“The next major step forward for clean energy in the Golden State”
“Ushering in a new era of renewable energy in the United States”
“The opening of a whole new frontier for the global floating sector”
The Central Coast is once again in the national energy spotlight, with the superlative-rich federal auction of the Morro Bay offshore wind leases — a first for the West Coast, a first for commercial-scale floating offshore wind in the US, the largest by far in the global floating wind industry.
The auction — with combined bids of $425 million for the 3 Morro Bay leases — is a major milestone that sets off a years-long process toward getting turbines in the water, targeted for 2030.
While much lies ahead, one thing is clear: The region is coming together to foster this new global industry and proactively shape its growth on the Central Coast.
25 regional leaders — representing both San Luis Obispo and Santa Barbara Counties, cities, chambers, higher education and REACH — signed on to a joint letter to the lease winners expressing the community’s interest in partnering to responsibly advance offshore wind on the Central Coast.
“We welcome collaboration to build a strong partnership with the Central Coast’s residents, workforce and businesses,” the letter states, detailing the region’s existing transmission capacity, array of waterfront infrastructure options, skilled workforce and world-class regional universities and training providers.
The letter also underscores a commitment to robust dialogue with a broad array of community stakeholders on potential impacts, challenges and opportunities.
It’s so exciting for the Central Coast to be part of this historic step toward a cleaner energy future. This is a transformative opportunity for our region and it’s fantastic to see broad-based, bipartisan support for thoughtfully welcoming this new industry into our community. We’re looking forward to working with the lease winners to create a bright energy, climate and economic future for our region, our state and our nation.
— REACH President/CEO Melissa James
The auction is the culmination of years of work by federal, state, regional and local officials and other stakeholders. Most recently, the County of SLO, County of Santa Barbara and City of Morro Bay partnered with REACH to advance a waterfront infrastructure study to explore how the region could play a role in this emerging sector. This summer, the state also allocated funding to the County of SLO for further feasibility studies to prepare for offshore wind.
The auction was also the first to include provisions for investments in workforce training, supply chain development and mitigating impacts on a range of communities — investments that could come to our region. Between the Morro Bay and Humboldt leases, the workforce and supply chain credits will result in over $117 million in investments, the federal announcement stated. More to come on this as we learn what each company has planned.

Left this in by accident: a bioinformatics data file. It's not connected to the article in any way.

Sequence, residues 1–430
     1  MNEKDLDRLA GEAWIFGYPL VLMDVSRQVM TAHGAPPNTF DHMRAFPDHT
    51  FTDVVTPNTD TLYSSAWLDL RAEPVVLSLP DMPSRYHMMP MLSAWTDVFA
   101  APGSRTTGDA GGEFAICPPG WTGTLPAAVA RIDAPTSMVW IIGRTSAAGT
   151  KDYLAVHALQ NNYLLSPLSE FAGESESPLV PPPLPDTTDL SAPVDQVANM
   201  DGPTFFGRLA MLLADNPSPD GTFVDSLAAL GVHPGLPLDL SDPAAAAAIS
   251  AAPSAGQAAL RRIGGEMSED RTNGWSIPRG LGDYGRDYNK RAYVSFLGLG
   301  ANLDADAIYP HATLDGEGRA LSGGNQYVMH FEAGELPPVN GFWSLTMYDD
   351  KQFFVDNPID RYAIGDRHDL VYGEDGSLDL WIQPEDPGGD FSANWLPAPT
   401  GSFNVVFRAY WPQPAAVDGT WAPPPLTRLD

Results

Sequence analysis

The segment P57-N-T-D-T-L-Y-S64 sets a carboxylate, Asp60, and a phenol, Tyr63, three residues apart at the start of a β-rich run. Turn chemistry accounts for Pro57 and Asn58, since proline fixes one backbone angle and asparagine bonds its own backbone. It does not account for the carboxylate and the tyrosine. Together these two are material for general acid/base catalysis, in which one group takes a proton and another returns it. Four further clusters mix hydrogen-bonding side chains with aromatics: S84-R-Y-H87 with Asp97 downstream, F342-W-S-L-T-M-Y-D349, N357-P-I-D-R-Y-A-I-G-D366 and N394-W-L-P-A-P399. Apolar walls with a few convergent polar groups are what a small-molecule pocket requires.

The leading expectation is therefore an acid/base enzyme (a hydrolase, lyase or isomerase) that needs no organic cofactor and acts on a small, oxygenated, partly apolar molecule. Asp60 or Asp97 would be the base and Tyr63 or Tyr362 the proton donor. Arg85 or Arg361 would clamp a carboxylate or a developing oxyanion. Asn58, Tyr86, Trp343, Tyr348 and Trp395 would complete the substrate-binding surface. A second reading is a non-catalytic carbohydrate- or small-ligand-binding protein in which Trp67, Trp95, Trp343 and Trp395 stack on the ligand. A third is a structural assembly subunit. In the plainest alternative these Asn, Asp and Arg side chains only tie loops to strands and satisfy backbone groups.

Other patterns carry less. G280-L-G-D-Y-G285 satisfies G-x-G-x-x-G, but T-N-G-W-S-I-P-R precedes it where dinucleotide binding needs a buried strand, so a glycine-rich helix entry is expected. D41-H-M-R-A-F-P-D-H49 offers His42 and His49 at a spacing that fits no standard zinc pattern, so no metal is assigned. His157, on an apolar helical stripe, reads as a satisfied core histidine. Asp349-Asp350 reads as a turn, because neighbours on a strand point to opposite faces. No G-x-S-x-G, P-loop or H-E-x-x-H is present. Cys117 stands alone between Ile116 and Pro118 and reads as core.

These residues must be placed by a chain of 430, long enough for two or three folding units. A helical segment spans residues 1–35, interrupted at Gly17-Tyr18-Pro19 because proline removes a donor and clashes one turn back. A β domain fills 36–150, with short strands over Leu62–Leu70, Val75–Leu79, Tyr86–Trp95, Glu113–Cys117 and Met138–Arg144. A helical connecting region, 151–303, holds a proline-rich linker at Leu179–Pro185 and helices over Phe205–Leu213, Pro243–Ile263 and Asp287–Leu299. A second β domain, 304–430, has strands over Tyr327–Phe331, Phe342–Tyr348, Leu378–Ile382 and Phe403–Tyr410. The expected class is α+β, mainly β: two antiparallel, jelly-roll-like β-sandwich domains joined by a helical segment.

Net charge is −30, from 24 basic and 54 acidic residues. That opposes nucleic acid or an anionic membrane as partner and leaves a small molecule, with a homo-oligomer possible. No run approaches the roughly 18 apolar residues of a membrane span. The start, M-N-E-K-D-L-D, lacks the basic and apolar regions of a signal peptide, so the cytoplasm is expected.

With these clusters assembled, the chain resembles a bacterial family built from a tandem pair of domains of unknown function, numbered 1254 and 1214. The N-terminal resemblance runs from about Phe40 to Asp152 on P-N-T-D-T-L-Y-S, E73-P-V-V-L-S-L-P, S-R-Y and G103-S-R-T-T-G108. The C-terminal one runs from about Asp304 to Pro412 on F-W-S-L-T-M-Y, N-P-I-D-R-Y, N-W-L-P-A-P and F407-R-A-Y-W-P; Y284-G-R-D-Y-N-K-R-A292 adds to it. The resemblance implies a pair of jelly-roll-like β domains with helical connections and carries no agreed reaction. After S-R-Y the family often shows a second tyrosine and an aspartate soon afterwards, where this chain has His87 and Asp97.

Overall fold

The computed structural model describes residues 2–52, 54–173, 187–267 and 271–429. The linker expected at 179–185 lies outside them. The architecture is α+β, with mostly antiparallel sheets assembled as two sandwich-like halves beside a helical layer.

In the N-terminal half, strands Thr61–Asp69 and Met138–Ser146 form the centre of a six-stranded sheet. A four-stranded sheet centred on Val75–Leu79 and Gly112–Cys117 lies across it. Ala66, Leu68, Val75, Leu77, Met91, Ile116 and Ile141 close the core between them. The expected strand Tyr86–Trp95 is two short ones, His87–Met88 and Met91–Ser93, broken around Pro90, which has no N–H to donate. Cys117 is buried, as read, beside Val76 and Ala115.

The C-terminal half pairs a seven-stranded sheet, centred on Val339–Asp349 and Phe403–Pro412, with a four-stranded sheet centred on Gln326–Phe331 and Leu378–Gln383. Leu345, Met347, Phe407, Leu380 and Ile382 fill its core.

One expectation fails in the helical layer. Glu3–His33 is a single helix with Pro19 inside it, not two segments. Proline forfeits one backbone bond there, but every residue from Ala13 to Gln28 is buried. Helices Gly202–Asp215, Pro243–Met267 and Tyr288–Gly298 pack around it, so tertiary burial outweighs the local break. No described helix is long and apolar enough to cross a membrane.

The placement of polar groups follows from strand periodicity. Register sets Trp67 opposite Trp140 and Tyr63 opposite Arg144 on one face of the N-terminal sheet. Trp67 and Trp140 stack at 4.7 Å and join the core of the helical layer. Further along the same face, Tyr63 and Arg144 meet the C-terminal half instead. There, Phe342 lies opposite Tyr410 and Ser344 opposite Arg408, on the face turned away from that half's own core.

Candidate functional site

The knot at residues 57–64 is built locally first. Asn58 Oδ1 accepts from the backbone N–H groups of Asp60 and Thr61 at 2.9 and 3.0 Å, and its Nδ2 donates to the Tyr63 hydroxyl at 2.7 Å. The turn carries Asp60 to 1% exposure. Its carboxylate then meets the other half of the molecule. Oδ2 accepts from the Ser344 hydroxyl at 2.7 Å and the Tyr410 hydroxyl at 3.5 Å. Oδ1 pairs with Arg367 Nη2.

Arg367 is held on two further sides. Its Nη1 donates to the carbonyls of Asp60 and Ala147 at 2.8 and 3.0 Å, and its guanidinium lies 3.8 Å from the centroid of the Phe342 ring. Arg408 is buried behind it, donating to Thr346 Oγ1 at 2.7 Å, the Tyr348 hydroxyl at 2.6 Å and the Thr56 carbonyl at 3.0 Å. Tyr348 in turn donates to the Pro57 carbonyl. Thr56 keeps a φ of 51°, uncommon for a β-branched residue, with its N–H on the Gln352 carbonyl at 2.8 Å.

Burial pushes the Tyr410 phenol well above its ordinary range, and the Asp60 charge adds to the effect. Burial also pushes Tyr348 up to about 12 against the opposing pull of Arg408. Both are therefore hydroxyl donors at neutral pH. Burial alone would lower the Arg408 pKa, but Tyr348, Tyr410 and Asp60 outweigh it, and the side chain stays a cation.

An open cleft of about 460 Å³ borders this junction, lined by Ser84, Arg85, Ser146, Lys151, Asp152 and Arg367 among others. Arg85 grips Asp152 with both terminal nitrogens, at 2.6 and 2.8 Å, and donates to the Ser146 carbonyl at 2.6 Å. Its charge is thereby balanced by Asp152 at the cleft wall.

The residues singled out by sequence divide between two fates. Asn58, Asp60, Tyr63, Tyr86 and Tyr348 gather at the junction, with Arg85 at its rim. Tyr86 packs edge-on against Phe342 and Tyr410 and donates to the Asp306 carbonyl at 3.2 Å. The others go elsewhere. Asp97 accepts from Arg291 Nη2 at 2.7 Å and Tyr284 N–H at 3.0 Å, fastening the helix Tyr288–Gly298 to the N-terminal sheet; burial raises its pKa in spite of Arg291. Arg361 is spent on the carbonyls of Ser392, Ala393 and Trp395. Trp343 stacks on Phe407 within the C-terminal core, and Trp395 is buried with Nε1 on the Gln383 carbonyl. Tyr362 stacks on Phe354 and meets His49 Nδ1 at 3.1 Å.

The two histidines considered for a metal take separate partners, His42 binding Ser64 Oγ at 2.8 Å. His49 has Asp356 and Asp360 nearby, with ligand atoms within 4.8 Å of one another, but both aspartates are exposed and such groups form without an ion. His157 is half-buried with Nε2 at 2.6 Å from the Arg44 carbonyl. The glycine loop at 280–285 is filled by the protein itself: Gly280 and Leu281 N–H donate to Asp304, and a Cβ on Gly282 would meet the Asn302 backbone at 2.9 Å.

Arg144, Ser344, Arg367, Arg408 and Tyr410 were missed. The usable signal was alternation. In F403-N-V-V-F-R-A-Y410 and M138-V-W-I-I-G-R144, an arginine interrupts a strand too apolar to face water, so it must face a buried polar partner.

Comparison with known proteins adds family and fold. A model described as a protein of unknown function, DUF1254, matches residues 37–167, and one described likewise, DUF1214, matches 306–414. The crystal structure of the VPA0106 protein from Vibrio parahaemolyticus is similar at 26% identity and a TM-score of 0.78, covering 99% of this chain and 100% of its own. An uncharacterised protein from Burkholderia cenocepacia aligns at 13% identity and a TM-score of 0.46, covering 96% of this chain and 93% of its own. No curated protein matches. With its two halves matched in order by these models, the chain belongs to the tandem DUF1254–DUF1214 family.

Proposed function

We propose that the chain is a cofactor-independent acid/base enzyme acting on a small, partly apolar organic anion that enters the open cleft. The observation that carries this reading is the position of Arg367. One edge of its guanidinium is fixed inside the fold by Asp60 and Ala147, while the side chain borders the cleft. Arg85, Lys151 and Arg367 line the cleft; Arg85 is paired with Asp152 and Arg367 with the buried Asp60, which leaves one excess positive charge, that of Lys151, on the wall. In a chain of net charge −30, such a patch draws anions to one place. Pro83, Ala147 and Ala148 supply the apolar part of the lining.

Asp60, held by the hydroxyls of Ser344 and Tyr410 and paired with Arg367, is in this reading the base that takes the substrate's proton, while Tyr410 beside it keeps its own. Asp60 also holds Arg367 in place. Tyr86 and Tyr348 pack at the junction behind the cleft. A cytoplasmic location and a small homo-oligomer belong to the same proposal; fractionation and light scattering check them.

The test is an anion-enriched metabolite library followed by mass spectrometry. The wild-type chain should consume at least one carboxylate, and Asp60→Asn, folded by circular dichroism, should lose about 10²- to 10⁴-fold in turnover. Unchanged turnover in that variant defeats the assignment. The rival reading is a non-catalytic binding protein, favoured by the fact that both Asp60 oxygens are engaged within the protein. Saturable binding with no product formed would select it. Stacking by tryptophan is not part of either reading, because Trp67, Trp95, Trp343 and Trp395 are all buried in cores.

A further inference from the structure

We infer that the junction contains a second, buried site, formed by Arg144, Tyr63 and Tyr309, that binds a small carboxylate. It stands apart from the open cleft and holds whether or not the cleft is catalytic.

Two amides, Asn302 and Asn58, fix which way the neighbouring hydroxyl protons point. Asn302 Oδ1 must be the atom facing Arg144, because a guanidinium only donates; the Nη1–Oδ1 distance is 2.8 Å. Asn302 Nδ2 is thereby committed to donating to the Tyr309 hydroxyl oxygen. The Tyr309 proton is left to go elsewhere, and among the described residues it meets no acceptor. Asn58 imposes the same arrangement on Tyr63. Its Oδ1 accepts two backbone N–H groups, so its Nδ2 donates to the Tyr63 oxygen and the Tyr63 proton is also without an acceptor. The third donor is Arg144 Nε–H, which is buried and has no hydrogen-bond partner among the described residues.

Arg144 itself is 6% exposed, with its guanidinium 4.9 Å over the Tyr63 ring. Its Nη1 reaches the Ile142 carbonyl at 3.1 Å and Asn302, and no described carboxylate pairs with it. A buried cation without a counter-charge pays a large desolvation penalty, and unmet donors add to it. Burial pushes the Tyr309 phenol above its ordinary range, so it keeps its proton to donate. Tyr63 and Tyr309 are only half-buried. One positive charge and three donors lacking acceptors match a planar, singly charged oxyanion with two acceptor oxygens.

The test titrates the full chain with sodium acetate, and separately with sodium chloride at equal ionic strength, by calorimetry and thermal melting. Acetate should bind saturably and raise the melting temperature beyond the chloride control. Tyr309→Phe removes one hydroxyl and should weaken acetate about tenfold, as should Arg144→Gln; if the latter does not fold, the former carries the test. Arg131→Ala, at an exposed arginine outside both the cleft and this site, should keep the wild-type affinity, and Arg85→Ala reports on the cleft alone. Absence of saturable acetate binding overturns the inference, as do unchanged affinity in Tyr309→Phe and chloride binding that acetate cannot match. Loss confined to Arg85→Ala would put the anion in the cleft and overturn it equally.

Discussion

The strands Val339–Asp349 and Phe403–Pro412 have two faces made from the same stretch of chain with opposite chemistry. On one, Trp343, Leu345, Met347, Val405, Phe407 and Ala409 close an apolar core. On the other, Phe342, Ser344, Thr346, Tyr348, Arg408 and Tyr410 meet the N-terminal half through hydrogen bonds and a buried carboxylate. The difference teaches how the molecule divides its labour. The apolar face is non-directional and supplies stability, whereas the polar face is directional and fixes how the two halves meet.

Meet the Winners
Equinor is a Norwegian oil and renewable energy company and one of the country’s largest offshore wind developers, with two lease areas under development in New York that combined will power 2 million homes.
“We were among the first movers into US offshore wind and are now one of the first movers into California, a market we believe will become a strategic floating market globally,” said Pål Eitrheim, executive vice president of Renewables in Equinor.
Central California Offshore Wind
Central California Offshore Wind is part of Golden State Wind, a joint venture between Ocean Winds and Canada Pension Plan Investment Board (CPP Investments). Ocean Winds is a French and Portuguese venture with a portfolio of projects in Europe, the U.S. and Asia. The partnership has committed to investing $30 million in workforce development and supply chain initiatives and to work closely with key local stakeholders to maximize the benefits to California from the emerging offshore wind industry.
“This is the perfect opportunity to further expand our portfolio and contribute to the federal government’s ambitious floating offshore wind targets,” Ocean Winds North America CEO Michael Brown said.
Invenergy California Offshore Wind
The only U.S.-backed venture among all five provisional winners, Invenergy is a Chicago-based energy company with large-scale wind, solar, and natural gas projects as well as advanced energy storage facilities across the world.
“We’re thrilled to be named winners in the BOEM California offshore wind energy auction! Our lease area has an estimated 1.5+ GW installation capacity, representing the potential to power nearly half a million American homes,” the company posted on Twitter.
Why offshore wind?
Both state and federal administrations are looking to strong ocean winds to provide a new source of clean renewable energy. The Morro Bay and Humboldt lease areas are projected to provide at least 4.5 gigawatts of energy – likely more – enough for 1.5 million homes. These and similar projects will increase energy resilience, help meet the rising demand from electric cars, and help the state and nation reach ambitious clean energy goals.
What happens next?
Once the winning bids are certified, each of the companies will have up to a year to submit site assessment plans to BOEM, outlining how they will evaluate their site for potential wind farm development. They then have up to five years to submit a construction and operations plan. A range of local, state and federal permits are required along the way.
What’s the status of the waterfront infrastructure study?
The Waterfront Infrastructure study for both the offshore wind and space industries is being wrapped up and is expected to be released before the end of the year. REACH and our study partners look forward to exploring the options with the lease winners and the Central Coast community, as well as the state and federal government.